Lydia Nsekera earns her place on the committee after receiving the most votes (95) in the first-ever election for a female candidate and is elected for four years, while Moya Dodd (70 votes) and Sonia Bien-Aime (38 votes), will also join FIFA’s top table as co-opted members, for one year.
This follows a proposal made by the FIFA President with support from the existing members of the FIFA Executive Committee to have more females in decision-making positions within football. The landmark election marks an important step in FIFA’s two-year reform process.
Burundi Football Association President Lydia Nsekera made history last year in Budapest at the 62nd FIFA Congress when she was co-opted onto the FIFA Executive Committee as the committee’s first-ever female member on an interim one-year basis.
The 63rd FIFA Congress in Mauritius is another milestone in the history of women’s representation in the football family as the 209 members showed overwhelming approval (99 per cent) for the FIFA Statutes 2013, in particular the article 24 al.3 proposing ”one candidate for the office of the female member of the Executive Committee”.
Nsekera is the 25th member of the FIFA Executive Committee composed of 24 members until today. Her mandate as approved by the Congress will be of four years beginning immediately. In case she permanently ceases to perform her official function, the Executive Committee may designate another female member until the next Congress as stipulated in the newly approved FIFA Statutes.
Nsekera, who was the first woman to be co-opted at last year's 62nd FIFA Congress, vowed that she will "inspire women to believe they can lead, I will push them to let their girls play football because it is a school of life, and I will support women in the Member Associations."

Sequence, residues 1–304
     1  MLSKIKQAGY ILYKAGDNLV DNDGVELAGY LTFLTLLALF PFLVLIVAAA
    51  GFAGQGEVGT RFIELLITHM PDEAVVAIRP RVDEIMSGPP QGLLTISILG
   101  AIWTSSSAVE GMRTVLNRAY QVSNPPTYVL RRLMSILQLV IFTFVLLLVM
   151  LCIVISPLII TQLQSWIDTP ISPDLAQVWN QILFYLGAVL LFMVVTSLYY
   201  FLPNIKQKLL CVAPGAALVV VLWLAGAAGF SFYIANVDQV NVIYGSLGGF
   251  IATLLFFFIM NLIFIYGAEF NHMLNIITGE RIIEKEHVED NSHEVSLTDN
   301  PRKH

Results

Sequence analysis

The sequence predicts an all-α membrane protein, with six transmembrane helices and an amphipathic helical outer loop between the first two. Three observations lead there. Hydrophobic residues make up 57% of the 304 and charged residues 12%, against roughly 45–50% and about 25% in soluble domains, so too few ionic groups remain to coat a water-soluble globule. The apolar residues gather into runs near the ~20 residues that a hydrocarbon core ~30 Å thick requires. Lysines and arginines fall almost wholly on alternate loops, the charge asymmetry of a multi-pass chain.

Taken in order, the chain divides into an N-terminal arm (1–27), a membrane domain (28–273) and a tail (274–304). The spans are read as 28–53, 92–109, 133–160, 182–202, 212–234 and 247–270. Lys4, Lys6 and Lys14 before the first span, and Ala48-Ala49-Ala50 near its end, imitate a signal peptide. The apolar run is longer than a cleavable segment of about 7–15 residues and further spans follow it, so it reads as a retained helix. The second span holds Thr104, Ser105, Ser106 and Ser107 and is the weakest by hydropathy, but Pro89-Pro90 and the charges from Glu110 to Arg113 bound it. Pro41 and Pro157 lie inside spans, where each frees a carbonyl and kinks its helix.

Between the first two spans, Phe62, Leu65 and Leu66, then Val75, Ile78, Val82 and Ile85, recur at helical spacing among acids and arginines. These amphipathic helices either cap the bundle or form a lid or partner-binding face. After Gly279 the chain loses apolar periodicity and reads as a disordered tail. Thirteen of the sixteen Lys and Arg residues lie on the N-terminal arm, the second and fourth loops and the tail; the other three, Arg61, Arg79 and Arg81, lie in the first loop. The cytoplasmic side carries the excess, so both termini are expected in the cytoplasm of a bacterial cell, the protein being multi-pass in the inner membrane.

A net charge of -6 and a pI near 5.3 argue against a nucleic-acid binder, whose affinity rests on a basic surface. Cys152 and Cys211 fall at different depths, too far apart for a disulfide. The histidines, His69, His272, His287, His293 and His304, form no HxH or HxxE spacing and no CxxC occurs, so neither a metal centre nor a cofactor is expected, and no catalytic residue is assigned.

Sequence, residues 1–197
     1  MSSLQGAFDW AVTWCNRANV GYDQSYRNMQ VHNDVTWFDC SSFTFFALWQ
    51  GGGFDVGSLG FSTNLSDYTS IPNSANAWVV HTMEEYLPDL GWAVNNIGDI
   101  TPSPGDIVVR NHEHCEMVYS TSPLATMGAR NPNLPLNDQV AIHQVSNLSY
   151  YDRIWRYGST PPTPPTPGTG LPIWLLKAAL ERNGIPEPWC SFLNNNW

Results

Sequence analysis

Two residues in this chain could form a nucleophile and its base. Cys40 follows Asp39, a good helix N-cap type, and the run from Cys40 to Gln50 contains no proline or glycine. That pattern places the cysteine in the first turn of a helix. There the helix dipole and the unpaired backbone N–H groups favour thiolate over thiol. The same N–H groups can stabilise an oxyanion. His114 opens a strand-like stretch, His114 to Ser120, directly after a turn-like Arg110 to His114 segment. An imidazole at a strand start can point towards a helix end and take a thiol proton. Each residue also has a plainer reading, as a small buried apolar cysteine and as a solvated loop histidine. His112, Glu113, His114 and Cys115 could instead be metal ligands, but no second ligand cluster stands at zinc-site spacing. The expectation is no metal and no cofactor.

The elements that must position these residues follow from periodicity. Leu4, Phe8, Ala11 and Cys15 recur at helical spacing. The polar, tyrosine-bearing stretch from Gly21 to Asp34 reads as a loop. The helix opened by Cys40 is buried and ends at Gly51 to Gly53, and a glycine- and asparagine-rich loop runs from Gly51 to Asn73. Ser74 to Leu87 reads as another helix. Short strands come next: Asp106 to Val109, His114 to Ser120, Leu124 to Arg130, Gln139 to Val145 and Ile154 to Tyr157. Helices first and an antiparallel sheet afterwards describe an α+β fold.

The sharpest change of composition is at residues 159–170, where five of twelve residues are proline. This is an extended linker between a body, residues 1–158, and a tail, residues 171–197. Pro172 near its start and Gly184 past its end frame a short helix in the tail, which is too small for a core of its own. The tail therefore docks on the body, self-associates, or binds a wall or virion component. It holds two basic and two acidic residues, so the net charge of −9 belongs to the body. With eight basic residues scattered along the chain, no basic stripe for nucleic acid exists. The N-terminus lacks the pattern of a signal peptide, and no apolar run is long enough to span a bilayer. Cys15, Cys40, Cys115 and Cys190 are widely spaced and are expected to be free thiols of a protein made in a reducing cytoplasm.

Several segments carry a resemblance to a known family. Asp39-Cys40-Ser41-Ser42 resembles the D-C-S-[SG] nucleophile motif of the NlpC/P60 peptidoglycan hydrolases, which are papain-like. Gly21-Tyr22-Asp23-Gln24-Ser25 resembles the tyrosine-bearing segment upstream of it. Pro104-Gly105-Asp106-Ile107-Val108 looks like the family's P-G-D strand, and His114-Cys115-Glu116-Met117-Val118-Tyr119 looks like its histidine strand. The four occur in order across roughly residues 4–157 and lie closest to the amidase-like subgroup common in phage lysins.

As proposed by the FIFA Executive Committee on 28 May, Nsekera will be accompanied by the two other candidates as co-opted members: Bien-Aime (CONCACAF) and Dodd (AFC), raising the number of females seating onto the Executive Committee to three.
The two co-opted members, who were originally nominated by their respective confederations as candidates for the female position on the Executive Committee, are highly experienced.
Dodd was a distinguished national team player who spent nine years representing Australia and became the first female member of the Football Federation Australia's executive committee. She has also risen through the ranks of the Asian Football Confederation, an organisation in which she was recently re-elected vice-president. Dodd acknowledged before the vote that the Congress was part of a landmark occasion. “It’s a historic day for football and a great day for women," she said. "I’d like to contribute to the best governance of the game, and to fight against match manipulation and discrimination. Football is the sport everybody loves; no-one should be excluded. And we should not only protect the game, but also fight against discrimination outside of football.”
Bien-Aime, General Secretary at the Turks & Caicos Islands Football Association (TCIFA), said before the vote took place that she believed that FIFA’s decision to include a woman on its Executive Committee represented “a great move, a very welcome move". She added: "I welcome the opportunity to be elected; to be a voice giving opinion, a voice willing to listen and talk, a voice that just happens to be the voice of a woman.”